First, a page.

Tempers flair between Cardinals and Reds again

St. Louis Cardinals first baseman Albert Pujols (5) makes the play on a hard hit ground ball off the bat of Cincinnati Reds’ Paul Janish (not pictured) during the fifth inning of play in their MLB baseball game at Great American Ball Park in Cincinnati, Ohio, May 15, 2011. REUTERS/John Sommers II (UNITED STATES – Tags: SPORT BASEBALL)

It wouldn’t be a Cardinals-Reds series if somebody wasn’t yelling at somebody by the end of it.

On Sunday, Francisco Cordero was the recipient of some backlash from the Cardinals’ dugout after he hit slugger Albert Pujols with a pitch during an 0-2 count in the ninth inning. According to the Cincinnati Enquirer, St. Louis backup catcher Gerald Laird was mainly doing the barking at Cordero.

“Just a little fun,” Cordero said. “I think it was because I hit Pujols 0-2, Gerald Laird was all loud in the dugout. He was yelling at me and pointing at me and saying a whole bunch of stuff.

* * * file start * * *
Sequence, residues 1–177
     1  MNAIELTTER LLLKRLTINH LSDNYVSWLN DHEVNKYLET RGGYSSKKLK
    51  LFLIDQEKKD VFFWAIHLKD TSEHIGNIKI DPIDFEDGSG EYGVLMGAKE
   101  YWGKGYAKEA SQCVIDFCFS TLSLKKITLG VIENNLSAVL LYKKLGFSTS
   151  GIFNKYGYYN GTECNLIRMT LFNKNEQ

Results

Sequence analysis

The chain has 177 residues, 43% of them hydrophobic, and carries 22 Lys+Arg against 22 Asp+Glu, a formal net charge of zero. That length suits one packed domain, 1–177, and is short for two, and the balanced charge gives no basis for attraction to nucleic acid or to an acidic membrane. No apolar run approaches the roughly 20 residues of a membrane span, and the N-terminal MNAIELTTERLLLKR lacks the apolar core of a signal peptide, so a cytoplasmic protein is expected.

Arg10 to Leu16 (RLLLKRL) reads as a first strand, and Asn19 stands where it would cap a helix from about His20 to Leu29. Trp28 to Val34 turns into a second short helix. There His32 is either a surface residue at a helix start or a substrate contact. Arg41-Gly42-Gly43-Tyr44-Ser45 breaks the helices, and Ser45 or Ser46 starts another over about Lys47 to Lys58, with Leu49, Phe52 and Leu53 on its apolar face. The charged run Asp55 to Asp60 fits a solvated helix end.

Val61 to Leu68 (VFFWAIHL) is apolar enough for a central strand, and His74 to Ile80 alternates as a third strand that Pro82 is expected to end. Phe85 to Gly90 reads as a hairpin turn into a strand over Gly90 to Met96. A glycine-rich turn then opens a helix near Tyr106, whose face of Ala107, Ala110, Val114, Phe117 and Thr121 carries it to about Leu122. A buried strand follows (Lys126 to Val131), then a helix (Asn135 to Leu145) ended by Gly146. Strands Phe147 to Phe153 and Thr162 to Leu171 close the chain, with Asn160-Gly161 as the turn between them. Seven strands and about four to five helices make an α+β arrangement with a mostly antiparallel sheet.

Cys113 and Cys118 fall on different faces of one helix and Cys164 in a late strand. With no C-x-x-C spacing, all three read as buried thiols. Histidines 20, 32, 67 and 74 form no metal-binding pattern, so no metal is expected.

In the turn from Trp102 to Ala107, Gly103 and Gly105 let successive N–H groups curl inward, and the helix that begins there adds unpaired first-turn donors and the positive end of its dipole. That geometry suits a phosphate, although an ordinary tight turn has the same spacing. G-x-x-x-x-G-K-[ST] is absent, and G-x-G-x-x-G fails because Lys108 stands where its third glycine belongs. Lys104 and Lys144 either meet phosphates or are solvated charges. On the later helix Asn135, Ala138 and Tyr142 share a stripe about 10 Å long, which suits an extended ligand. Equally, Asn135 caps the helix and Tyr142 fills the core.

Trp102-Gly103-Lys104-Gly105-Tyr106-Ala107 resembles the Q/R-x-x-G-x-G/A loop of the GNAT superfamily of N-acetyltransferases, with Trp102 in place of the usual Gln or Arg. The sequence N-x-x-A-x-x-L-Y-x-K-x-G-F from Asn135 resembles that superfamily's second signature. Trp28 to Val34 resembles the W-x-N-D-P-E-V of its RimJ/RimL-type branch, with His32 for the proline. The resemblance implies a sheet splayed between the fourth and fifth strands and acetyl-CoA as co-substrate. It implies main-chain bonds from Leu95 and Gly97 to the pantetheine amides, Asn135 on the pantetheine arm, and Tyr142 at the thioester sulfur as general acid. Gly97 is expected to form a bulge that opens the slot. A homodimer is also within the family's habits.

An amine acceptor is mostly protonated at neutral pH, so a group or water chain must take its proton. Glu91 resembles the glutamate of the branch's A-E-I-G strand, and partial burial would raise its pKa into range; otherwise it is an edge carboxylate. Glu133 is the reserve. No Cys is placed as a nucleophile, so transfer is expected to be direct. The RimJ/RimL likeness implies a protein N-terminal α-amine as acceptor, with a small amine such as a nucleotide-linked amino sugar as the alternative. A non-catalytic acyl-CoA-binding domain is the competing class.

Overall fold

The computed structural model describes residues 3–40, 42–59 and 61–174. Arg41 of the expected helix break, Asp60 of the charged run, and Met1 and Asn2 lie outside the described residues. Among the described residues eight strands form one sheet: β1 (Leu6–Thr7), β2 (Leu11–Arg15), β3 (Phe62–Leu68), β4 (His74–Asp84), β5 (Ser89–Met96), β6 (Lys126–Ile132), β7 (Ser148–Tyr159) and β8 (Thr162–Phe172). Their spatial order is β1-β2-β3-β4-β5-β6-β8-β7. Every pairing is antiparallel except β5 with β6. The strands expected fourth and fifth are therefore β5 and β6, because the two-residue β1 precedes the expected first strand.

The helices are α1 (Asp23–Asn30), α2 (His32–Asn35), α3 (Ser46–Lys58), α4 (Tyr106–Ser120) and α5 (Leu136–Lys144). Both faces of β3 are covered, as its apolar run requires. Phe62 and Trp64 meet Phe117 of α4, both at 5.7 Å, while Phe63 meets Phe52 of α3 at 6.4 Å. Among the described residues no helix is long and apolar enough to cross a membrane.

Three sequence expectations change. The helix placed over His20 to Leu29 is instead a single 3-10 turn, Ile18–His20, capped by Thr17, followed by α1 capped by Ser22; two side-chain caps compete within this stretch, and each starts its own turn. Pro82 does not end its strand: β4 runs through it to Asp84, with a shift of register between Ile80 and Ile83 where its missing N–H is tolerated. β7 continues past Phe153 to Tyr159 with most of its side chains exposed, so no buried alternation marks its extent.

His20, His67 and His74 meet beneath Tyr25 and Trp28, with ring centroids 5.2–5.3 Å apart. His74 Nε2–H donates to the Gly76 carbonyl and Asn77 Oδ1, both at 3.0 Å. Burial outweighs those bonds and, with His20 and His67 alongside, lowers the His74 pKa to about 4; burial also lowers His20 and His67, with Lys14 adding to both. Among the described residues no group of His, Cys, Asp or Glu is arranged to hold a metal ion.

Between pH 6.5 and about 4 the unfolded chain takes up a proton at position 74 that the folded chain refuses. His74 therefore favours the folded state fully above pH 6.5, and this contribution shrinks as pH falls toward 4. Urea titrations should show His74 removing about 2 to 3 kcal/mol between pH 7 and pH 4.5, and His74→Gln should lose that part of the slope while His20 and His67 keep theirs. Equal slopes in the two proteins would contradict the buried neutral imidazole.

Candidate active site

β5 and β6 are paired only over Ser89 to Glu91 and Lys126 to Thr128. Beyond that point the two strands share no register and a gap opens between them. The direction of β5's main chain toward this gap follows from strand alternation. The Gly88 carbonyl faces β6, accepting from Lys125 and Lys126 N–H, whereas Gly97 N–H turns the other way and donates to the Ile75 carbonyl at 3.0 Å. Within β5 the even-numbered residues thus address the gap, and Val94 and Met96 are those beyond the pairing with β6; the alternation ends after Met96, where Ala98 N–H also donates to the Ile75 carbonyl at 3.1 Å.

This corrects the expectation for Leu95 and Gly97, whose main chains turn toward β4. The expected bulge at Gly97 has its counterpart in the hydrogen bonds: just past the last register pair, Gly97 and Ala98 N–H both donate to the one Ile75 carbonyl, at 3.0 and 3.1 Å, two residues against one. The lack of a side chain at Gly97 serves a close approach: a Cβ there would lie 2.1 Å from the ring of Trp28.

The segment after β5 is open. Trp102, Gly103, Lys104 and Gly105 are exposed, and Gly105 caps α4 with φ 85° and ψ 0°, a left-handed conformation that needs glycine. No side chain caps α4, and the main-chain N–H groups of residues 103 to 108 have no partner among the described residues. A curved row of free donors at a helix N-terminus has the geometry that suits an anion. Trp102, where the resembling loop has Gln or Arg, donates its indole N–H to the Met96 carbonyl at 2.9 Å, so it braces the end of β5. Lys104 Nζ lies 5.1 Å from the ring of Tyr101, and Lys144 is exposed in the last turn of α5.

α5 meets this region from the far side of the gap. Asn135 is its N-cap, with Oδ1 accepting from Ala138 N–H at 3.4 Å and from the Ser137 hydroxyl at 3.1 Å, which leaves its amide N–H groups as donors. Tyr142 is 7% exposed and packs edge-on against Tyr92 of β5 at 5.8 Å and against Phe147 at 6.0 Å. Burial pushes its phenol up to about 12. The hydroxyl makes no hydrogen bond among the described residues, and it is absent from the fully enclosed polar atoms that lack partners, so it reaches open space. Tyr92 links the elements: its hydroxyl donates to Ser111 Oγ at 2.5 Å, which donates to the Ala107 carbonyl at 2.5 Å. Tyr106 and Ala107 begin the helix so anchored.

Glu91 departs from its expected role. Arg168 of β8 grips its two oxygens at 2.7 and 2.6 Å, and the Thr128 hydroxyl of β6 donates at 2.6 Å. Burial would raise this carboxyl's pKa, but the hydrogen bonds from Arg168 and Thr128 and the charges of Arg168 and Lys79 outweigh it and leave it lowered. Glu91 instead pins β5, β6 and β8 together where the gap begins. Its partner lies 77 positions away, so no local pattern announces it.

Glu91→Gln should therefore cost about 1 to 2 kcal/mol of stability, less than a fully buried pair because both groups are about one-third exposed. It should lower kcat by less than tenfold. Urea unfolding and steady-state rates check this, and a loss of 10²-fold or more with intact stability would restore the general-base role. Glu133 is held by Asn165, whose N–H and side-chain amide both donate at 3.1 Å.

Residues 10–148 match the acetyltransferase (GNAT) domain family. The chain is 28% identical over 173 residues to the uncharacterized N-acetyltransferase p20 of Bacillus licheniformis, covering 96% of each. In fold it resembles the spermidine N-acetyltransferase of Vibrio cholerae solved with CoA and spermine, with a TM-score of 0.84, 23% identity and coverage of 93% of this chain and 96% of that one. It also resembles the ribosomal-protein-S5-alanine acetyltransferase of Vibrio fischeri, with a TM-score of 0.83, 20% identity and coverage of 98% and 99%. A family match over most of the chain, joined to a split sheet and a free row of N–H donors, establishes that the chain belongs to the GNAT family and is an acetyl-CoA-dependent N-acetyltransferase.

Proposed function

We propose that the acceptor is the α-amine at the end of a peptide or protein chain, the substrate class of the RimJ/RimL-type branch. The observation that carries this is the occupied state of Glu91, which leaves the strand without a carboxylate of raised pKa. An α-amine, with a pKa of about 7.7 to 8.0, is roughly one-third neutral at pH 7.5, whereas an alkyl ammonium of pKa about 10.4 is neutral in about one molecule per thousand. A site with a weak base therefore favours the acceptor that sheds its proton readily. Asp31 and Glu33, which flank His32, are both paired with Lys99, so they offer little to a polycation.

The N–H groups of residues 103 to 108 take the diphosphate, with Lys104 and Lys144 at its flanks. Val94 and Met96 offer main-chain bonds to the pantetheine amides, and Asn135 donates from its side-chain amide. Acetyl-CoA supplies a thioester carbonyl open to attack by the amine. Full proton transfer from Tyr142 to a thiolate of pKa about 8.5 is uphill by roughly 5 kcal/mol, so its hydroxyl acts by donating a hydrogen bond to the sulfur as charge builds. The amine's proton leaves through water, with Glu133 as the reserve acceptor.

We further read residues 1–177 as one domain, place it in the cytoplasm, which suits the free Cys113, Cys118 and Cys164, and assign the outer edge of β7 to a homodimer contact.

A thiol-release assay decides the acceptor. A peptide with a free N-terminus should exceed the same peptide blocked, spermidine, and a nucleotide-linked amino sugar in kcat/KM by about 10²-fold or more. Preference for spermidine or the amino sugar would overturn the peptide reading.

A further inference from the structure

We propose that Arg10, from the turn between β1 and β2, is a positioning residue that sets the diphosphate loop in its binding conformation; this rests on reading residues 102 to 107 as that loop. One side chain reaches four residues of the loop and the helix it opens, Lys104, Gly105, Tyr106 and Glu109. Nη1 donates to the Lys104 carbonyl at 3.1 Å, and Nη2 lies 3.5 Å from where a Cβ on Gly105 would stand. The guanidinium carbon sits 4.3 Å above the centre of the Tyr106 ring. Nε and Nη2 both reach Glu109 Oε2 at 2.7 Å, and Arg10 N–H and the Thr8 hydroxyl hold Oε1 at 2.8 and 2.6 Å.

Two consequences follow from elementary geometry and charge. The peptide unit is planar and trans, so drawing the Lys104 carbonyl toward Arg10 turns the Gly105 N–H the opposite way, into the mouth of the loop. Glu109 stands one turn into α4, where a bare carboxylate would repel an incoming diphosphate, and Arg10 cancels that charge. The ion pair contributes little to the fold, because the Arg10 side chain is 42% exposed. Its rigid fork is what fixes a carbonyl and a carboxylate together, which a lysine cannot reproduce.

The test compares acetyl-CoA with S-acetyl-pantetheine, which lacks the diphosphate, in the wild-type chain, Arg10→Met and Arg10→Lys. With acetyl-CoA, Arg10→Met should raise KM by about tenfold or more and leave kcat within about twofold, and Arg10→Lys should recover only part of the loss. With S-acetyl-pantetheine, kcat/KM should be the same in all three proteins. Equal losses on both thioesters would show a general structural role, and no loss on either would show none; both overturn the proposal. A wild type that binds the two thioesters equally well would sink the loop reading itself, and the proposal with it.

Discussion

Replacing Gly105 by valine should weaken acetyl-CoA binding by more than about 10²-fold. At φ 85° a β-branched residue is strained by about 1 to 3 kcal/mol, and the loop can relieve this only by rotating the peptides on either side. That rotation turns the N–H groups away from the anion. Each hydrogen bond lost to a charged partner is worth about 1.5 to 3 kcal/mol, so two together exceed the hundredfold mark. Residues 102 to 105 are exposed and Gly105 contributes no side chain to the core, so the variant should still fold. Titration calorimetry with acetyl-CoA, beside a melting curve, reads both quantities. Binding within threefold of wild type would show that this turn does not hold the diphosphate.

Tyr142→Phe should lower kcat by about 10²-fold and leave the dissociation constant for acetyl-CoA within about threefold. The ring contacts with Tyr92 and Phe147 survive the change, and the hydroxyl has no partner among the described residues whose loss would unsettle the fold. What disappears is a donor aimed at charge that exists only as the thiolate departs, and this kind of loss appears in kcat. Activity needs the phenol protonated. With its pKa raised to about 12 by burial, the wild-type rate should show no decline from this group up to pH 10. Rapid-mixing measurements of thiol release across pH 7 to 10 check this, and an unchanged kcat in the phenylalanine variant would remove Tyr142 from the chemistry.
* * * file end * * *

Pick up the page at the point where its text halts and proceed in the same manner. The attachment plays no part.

“Out of all the guys that are great hitters, great players, Gerald Laird doesn’t even play. He’s the one yelling at me because I hit Pujols 0-2. 0-2! I wasn’t trying to hit him. I’ve got to face (Matt) Holliday next, who can take the lead with one swing, and he’s yelling at me.

“All I know is he was loud, so I said something back to him.”

I don’t blame Laird or any other member of the Cardinals for being upset about Cordero hitting Pujols. Brandon Phillips was the one who threw gasoline on the fire last year by calling the Cardinals “little bitches” so now St. Louis always has its guard up.

But Laird has to realize the situation. Cordero isn’t going to hit Pujols on purpose when he has him down 0-2 in the count. To put the tying run on base with Matt Holliday and Lance Berkman coming up just doesn’t make sense. One could argue that Cordero chose that moment to hit Pujols because he would have the perfect excuse to claim it was accidental. But even Pujols admitted after the game that he didn’t think Cordero did it on purpose.

“I’m pretty sure Francisco didn’t try to do that on purpose,” Pujols told the St. Louis Post Dispatch. “He doesn’t want to bring the winning run to the plate with two big hitters, Matt and Berkman (coming up next). It’s probably something that slipped. You turn the page and get ready for tomorrow.”

What has to be more frustrating for the Cardinals than the situation with Cordero is the fact that they were swept by the Reds. St. Louis went into the weekend with a small lead in the NL Central and came out of it looking up at Cincinnati in the standings.

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